Wednesday, November 6, 2013

Slow; horse crossing

The ranch where I'm boarding Dakota has an extensive pasture system. The horses are allowed to go almost everywhere. Much of the herd was hanging out on the driveway this evening. There were also several deer grazing nearby. It was a peaceful scene.



Tiny pony alert!



What's this you say about carrots?

I really like carrots!

Time for a haircut

That is a LOT of mane

He's going to look dorky for a day or two. I can only get so much done at a time.

Dakota was a very good boy while I worked on his mane. I don't know if he's ever been asked to stand for so long; he tolerated it quite well. He was curious about everything I did, sticking his nose in my face every few minutes. We took a couple breaks where I led him around. He has great ground manners. I asked him to trot in hand and he willingly trotted at whatever speed I asked for. I led him over a Parelli obstacle, some tires laid flat on the ground in a line. He carefully walked over it, stepping in the tire holes. I'm just thrilled with his attitude so far!

Tuesday, November 5, 2013

Dakota's triumphant arrival

The shipper delivered Dakota at 4 this afternoon. He was all alone in the big trailer. I clipped the lead to his halter, and he quietly turned himself around and followed me to the door. He looked right, looked left, and then stepped calmly to the ground. I turned him loose in the covered arena, and he walked around looking at everything. Then I threw him some hay and that was that. This little guy loves his food!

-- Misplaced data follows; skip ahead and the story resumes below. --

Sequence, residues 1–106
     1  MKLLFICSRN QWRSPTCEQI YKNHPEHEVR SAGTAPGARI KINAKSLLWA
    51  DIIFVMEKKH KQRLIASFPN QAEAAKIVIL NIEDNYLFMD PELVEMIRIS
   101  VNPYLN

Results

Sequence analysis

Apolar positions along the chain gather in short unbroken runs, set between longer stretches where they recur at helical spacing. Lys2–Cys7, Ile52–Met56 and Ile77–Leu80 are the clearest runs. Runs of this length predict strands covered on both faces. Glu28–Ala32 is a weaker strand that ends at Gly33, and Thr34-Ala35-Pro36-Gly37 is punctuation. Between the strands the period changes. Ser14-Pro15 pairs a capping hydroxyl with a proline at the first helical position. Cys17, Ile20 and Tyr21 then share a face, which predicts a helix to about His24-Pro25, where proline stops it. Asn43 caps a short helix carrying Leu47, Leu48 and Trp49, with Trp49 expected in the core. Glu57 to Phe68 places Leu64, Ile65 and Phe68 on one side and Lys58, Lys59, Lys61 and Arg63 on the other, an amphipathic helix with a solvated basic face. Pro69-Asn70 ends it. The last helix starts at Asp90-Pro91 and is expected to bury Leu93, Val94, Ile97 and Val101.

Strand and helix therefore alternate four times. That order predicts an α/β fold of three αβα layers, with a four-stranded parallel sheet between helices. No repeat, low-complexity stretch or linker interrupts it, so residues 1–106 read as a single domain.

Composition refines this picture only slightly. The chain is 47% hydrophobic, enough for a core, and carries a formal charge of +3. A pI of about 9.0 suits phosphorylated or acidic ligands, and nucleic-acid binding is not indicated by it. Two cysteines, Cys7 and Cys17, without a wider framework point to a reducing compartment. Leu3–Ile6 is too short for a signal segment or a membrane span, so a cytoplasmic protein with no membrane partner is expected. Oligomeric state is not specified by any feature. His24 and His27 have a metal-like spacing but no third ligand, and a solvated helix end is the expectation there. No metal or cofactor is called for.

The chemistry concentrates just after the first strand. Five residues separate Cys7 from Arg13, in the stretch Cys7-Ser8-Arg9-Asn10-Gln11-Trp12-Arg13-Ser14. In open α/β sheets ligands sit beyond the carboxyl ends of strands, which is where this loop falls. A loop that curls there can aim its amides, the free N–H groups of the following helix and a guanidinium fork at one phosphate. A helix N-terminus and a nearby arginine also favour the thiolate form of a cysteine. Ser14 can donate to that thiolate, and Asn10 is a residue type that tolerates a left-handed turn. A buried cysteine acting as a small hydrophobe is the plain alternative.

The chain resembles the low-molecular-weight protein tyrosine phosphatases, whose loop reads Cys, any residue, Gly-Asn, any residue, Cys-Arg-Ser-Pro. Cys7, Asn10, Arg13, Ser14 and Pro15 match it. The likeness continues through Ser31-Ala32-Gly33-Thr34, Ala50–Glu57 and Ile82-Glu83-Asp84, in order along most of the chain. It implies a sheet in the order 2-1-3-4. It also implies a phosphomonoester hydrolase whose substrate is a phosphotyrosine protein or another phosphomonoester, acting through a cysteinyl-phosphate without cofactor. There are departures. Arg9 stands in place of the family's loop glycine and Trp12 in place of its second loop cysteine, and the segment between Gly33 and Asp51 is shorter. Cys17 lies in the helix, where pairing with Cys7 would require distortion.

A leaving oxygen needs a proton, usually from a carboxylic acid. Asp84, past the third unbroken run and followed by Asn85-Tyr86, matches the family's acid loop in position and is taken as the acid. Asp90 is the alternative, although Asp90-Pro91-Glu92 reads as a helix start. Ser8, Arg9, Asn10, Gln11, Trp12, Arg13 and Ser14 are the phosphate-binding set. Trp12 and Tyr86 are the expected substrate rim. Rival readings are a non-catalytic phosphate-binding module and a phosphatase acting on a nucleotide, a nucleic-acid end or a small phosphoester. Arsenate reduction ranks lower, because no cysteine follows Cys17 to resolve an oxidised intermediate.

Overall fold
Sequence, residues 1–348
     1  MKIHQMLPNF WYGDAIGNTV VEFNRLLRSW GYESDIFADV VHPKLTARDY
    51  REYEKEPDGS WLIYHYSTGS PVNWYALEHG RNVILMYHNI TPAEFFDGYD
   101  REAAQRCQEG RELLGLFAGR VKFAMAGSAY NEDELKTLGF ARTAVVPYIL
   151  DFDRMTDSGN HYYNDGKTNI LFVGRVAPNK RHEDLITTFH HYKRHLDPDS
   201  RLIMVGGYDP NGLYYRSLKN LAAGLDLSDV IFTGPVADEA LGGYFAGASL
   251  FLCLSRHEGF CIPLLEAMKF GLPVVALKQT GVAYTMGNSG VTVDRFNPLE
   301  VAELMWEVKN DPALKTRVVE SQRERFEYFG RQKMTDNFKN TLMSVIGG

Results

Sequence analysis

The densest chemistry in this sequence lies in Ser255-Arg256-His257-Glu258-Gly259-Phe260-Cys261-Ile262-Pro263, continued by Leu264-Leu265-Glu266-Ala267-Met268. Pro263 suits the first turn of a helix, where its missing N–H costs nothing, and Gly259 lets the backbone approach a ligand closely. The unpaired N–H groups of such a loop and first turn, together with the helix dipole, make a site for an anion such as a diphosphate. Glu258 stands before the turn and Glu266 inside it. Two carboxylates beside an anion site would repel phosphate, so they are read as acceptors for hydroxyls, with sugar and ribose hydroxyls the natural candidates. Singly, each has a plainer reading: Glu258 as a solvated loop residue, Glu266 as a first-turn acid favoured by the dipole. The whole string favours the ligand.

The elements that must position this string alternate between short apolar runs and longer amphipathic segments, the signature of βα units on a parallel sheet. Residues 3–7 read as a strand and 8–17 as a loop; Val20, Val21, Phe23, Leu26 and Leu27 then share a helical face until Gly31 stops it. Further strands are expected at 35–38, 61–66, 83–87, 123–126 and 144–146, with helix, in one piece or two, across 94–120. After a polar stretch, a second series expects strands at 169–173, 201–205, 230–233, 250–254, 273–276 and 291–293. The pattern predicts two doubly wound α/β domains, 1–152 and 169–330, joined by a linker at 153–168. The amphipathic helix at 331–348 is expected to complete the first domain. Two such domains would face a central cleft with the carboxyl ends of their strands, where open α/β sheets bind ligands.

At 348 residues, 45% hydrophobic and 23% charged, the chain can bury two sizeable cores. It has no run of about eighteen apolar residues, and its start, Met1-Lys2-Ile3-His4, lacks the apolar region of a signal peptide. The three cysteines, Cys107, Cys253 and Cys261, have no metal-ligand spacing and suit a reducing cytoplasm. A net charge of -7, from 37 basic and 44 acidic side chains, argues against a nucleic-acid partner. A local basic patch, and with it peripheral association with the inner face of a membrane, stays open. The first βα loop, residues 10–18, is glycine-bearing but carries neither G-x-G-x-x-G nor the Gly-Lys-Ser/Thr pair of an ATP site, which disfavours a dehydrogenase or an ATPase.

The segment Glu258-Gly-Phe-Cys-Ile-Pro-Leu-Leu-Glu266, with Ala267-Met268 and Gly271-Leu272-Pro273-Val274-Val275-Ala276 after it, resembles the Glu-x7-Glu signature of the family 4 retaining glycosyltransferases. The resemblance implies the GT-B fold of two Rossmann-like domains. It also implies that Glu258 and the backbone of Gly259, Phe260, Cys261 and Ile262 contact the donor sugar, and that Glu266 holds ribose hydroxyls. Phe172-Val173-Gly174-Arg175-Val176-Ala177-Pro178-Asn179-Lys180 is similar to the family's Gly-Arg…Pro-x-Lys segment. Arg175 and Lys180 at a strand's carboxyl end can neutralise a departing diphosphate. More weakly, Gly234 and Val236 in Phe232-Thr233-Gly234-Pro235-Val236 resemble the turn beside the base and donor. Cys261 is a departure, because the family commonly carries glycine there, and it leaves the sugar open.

Tomorrow he'll be moved to a stall overlooking the pasture for the next two days. On day three, he'll join the herd. This is the first time I've ever pasture boarded; it's one of the reasons I was excited to get a mustang. He should do just fine, weight-wise and foot-wise. I looked over his papers and found that, appropriately enough, he's from the Palomino Buttes herd of Oregon mustangs.

I'm waiting on a lunge line and a girth that I just ordered before I can start lungeing, so until they arrive I'm going to work on basic ground manners and see he how he does. If unloading from the trailer is any indication, I think he has a solid foundation. I'm also going to get to work on that mop of a mane. All the while teaching him that I am the fun carrot lady.

Friday, November 1, 2013

Dakota coming down the mountain

Dakota passed his prepurchase exam with flying colors. Hooray! The only thing the vet found was that he's pretty head shy. So was Willow, and I was able to work through it with her, so I'm not concerned. Dakota has great feet, a great coat, happy joints, and is a good weight. We just need to add muscle.

Dakota lives in La Pine, which is in the Cascades at 4200 feet. When I went to see him, it was hot and dusty. Ten days later, it's snowing. I had hoped to hire Camilla to transport Dakota down the mountain, but with the weather so dicey, we decided to postpone. Luckily, I found a shipper who can do it for me on Tuesday.

In the next few days I'm going to read up on mustangs. My current knowledge is: they have great feet and are easy keepers. I'm sure there's quite a bit more to know. Dakota will be coming with BLM paperwork, so I think that will tell me which herd he's from (I'm assuming he's an Oregon mustang).

My business name will be Coast Fork Dressage. I have a designer working on a logo for me. Website to follow shortly! I can't wait to get to know Dakota.